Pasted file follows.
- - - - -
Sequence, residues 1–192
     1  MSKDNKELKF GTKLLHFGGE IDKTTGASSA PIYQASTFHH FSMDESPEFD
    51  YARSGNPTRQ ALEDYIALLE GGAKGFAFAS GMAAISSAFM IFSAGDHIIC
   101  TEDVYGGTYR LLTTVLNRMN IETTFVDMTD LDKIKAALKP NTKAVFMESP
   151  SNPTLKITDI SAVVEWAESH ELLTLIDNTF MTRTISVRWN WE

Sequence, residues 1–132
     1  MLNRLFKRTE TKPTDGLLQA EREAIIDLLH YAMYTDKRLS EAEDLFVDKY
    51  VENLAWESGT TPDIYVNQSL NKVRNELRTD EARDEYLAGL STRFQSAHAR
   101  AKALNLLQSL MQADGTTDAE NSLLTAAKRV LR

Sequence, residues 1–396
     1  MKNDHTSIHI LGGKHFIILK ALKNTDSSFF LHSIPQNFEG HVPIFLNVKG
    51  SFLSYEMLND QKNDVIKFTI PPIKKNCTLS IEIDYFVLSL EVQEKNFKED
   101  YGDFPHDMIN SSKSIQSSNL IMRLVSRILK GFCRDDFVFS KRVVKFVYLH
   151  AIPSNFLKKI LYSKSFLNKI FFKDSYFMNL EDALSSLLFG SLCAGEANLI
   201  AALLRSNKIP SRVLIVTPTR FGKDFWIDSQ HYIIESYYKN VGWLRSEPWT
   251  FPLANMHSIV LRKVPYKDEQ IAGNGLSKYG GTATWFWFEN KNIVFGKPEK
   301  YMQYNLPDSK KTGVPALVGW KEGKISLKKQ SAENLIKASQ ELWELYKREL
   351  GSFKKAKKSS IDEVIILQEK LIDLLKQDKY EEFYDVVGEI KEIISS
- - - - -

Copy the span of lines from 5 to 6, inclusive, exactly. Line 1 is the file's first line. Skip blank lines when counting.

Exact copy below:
   151  SNPTLKITDI SAVVEWAESH ELLTLIDNTF MTRTISVRWN WE

Sequence, residues 1–132